The role of the leader of the Bad Boys is one of the most powerful and consequently, essential positions in the Mid East. He is revered by the street in almost every Arab country, even the Good Boy countries and is elevated to statuesque heights in the eyes of the public. His challenge to the West - especially the United States, is accepted and expected. He moves and maneuvers and manipulates the media in order to attack the West and to incite anti-Western spirit within all the countries of the region.

This new Iranian-Syrian nexus is a very important development for the region. And it is especially important for Israel and the United States.

Intelligence analysts for both countries will be watching this new alliance and not-so-new friendship very carefully over these next few months. It is clear to all the powers that be that the "foreign threats" Assad was referring to was just a euphemism for Israel and the U.S.

All this comes at the same time that Iran is training a group of ex-pat Libyans to return to Tripoli and, once inside, to perpetrate as many terror attacks as possible within their home country.

The Iranian intention is to exert pressure on Libya's leader, Gadhafi, who has invited U.S. and international inspectors into his country to record and track his unconventional weapons arsenal and capability. Iran hopes to "convince" Gadhafi not to hand over details of the joint weapons programs that Libya has been collecting with the help of Iran and North Korea.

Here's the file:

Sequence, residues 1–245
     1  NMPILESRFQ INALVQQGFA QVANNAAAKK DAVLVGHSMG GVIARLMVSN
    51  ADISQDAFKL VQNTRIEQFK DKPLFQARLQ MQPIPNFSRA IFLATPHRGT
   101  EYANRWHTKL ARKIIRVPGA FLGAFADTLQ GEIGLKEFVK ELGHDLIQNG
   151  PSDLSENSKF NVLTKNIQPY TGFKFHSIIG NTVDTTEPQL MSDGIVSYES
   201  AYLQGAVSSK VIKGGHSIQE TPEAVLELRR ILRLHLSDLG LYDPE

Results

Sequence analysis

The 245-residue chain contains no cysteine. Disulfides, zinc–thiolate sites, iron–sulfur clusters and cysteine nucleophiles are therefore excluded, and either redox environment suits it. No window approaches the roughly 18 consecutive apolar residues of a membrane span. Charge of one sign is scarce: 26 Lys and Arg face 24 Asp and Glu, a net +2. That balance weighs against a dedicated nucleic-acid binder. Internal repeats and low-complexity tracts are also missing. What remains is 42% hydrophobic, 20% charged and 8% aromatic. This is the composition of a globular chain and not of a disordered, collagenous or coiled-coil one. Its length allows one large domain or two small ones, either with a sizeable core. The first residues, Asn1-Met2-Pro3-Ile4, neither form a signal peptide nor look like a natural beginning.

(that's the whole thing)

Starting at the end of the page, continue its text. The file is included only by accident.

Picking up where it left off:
And as this is happening, the United States is preparing to implement the Syrian Accountability Act that demands U.S. sanctions against Syria for supporting terror.

The international intelligence community has little doubt that almost all non-al Qaida acts of terror perpetrated around the world today are backed by Syria or by Iran. Actually, there are many in the world of intel who say that there is a deep alliance between the al Qaida world and Iran and Syria.

In fact, just days after the Syrian/Iranian pact announcement Israeli Chief of Staff Moshe Yaalon accused Syria and Iran of being the chief sponsors and advocates of terror in Israel. Indeed, many believe that the vacuum created by the dethronement of Saddam and the U.S. invasion of Iraq was quickly, quietly, ruthlessly, filled by Iran and Syria.

I'm not sure if Bashar Assad of Syria has what it takes to be the leader of the Bad Boys of the Middle East. I know that if not for Saddam, his father could and would have had that distinction. I also know that Muammar Gadhafi has what it takes. But, for now at least, Gadhafi has opted out of the race, predicting that he will get further by cooperating with the West.

That leaves Iran - a society run by the Ayatollahs. These religious leaders are not Arabs, they are Shiite Muslims. My hope/thinking is that resentment and hatred against them from the greater Arab and Muslim worlds will deny them the opportunity of assuming leadership of the Bad Boys.

If that should happen, if Syria is incapable and Iran is isolated, it paves the way for possible reforms within the Arab Middle East. And if that happens, then perhaps, perhaps, the world will see a little less terror. But until then, Syrian and Iran, each country alone and the two together, are to be considered armed and even more dangerous.
14 posted on 03/19/2004 8:09:20 AM PST by F14 Pilot (John Fedayeen Kerry - the regime's candidate)
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To: DoctorZIn; freedom44; kian; Pan_Yans Wife; nuconvert; dixiechick2000; Eala
Empress's love of Iran, the Shah everlasting

By Kevin Chaffee
Mar 19 2004

PERSONALITY: The beauty and serenity that once made Her Imperial Majesty Farah Pahlavi, Shahbanou (Empress) of Iran a magazine cover favorite has hardly changed in the 25 years since she and her husband, Shah Mohammed Reza Pahlavi, were swept from power by an Islamic revolution that changed their ancient land and, as it turned out, the world as well.